Six months since the President and Vice President unveiled the Biden-Harris Lead Pipe and Paint Action Plan, the Administration has taken swift action and made quick progress. The Biden-Harris Administration has announced more than $4 billion from the Bipartisan Infrastructure Law funds and annual appropriations that can be used to begin replacing all of America’s lead pipes while mobilizing additional resources and tools to get rid of lead, ensure Americans can drink clean water, and live in healthy homes.
Today, to continue momentum implementing the action plan, Vice President Harris, Housing and Urban Development Secretary Marcia Fudge, and Environmental Protection Agency Administrator Michael Regan are in Pittsburgh to provide an update on the Administration’s commitment to addressing lead pipes and paint, including through announcing $500 million for states and local government to reduce lead exposure and build healthier homes. States and localities can begin applying for the awards, which will target disadvantaged communities in line with the President’s Justice40 Initiative.
President Biden and Vice President Harris believe no child, no family, and no American should drink water with lead or be exposed to lead paint in their homes. That’s why they made replacing lead pipes a centerpiece of the Bipartisan Infrastructure Law, and why Vice President Harris visited AFL-CIO to release an action plan that helps ensure federal, state, and local resources are moving quickly. Together, their leadership, vision, and actions are removing lead from water and homes, creating good-paying jobs, and supporting the low-income and communities of color disproportionately impacted.
Outlined below is how the Administration is making critical progress on the Biden-Harris Lead Pipe and Paint Action Plan:
Tackling Lead Pipes and Paint with Historic Investments
- Today, the Department of Housing and Urban Development (HUD) is making $500 million available for states and local governments to protect children and families from lead-based paint and other home health hazards, targeting the awards to disadvantaged communities, in line with the Justice40 Initiative, by including rating points based on the percentage of the area the grant will target that are disadvantaged communities.
- In March, the U.S. Environmental Protection Agency (EPA) issued a memorandum to guide collaborative implementation with state, local, and Tribal partners water infrastructure funding through the Bipartisan Infrastructure Law, including $2.9 billion for lead service line replacement in 2022. EPA’s memo provided technical guidance to states on the disadvantaged community definitions and EPA oversight of the state programs. Working collaboratively, EPA and state SRF programs continue to make progress towards Justice40.
- In May, EPA announced that it is making available $ 7.28 billion in new federal grant funding for the Drinking Water State Revolving Fund (DWSRF). This funding can be used for loans that help drinking water systems install treatment for contaminants, improve distribution systems by removing lead service lines and improve system resiliency to natural disasters such as floods.
- In May, EPA issued a new funding memorandum to guide the distribution of $154 million in FY22 Tribal water infrastructure funding from the BIL to support access to safe drinking water and wastewater management in Tribal communities, including projects to replace lead pipes.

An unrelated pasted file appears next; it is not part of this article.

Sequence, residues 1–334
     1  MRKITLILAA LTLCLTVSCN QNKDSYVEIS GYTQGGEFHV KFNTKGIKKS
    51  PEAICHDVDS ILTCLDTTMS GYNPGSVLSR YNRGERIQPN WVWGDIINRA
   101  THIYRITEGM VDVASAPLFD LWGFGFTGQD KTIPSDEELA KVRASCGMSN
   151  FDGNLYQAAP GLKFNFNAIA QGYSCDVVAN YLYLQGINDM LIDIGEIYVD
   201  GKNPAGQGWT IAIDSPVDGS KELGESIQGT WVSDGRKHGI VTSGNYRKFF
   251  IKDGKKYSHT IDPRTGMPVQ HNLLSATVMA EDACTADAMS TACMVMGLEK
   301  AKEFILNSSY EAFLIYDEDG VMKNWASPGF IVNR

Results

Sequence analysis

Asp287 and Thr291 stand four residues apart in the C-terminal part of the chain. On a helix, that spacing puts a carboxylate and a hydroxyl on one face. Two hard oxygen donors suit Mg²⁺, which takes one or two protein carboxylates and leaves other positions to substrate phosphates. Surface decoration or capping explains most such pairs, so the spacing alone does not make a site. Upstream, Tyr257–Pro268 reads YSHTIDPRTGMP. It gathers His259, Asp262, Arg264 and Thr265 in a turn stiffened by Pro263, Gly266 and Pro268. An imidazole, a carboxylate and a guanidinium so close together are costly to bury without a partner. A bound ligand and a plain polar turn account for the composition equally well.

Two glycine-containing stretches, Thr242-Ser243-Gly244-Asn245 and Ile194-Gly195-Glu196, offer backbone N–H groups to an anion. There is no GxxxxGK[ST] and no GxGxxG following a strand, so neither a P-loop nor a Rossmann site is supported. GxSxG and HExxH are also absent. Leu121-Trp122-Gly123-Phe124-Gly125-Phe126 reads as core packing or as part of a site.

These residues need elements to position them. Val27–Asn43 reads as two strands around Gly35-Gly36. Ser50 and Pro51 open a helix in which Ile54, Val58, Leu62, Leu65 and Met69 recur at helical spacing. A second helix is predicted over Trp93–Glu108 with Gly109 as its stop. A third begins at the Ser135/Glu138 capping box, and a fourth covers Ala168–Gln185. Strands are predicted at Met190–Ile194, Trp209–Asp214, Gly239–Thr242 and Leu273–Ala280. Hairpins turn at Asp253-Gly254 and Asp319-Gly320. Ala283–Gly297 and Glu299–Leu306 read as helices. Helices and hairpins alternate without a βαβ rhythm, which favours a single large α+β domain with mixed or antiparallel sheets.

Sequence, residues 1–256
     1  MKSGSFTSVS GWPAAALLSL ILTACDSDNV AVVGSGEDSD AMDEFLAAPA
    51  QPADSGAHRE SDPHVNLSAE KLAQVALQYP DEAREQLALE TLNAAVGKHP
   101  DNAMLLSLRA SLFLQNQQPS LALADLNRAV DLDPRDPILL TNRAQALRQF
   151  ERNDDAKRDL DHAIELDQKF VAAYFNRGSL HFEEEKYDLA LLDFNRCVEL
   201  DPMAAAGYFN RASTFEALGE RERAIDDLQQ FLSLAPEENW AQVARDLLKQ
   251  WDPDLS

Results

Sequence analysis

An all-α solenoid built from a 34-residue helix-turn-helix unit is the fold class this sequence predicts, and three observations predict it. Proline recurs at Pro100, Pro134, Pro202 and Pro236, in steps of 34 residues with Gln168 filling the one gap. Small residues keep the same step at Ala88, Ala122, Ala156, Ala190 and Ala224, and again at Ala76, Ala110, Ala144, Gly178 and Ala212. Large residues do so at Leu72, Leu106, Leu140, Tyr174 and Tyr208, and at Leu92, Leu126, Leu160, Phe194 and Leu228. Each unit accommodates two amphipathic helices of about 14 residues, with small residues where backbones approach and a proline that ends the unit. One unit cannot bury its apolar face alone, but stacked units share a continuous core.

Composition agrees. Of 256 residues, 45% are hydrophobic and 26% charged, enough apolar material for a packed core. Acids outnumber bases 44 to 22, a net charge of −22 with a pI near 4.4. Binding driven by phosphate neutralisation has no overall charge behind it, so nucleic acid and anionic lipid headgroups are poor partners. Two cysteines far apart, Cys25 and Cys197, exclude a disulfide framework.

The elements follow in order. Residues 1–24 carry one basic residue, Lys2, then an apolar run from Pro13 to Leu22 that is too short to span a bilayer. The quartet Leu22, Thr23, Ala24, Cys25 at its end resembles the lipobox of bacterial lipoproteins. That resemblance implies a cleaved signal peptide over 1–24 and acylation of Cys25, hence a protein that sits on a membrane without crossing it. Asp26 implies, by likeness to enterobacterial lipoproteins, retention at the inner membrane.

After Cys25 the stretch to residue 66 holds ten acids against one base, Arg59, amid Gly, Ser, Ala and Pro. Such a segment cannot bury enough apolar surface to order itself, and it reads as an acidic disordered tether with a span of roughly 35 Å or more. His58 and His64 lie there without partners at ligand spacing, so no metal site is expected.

- In February, EPA announced $20 million in available grant funding to assist communities and schools with removing sources of lead in drinking water. This grant funding, and additional funding through the Bipartisan Infrastructure Law will help make rapid progress on the goal of addressing lead and removing lead pipes across the country.
- In April, the Village of Elberta, Michigan received $3.4 million in grant and low-interest loans from USDA, leveraging an additional $2 million in state assistance, to improve their water system and remediate lead. Approximately, 79 percent of the service laterals in the water distribution system are known or suspected to contain lead. USDA has an additional $23.8 million in projects containing lead remediation that are nearing approval and other applications in development.
- In March, USDA provided a $350,000 award to the City of Linwood, Kansas for their Water System Improvements Project. Leveraging $499,586 in HUD’s Community Development and Block Grant funds and $150,000 in applicant contribution, this project will enable the City of Linwood to replace approximately 75 cast iron service lines that may contain lead joints and to make other necessary improvements to the distribution system.
- In March, EPA issued a Request for Applications for approximately $100 million in federal funding through the Environmental Finance Center (EFC) Grant Program. A major priority for this program is to provide technical support to disadvantaged communities across the country. Selected technical assistance providers will help communities develop and submit project proposals, including State Revolving Fund (SRF) applications for Bipartisan Infrastructure Law funding to reduce lead in drinking water.
- Schools and child care facilities are also accessing funds for projects to replace lead lines and remediate lead plumbing, pipes, and paint. In March, the Anson Madison Water District in Maine received a $6 million low-interest loan and $3.5 million grant to mitigate lead exposure for 3,700 residents, including at two area high schools and other educational institutions. In January 2022, USDA’s Rural Development obligated $9.5 million to Columbus County, North Carolina, for the construction and cost overrun of a new replacement school facility housing Pre-K through 8th grade. This new facility replaces two school facilities ranging from 60-94 years old with asbestos in almost all flooring and lead paint throughout – ensuring the new facility meets all code requirements.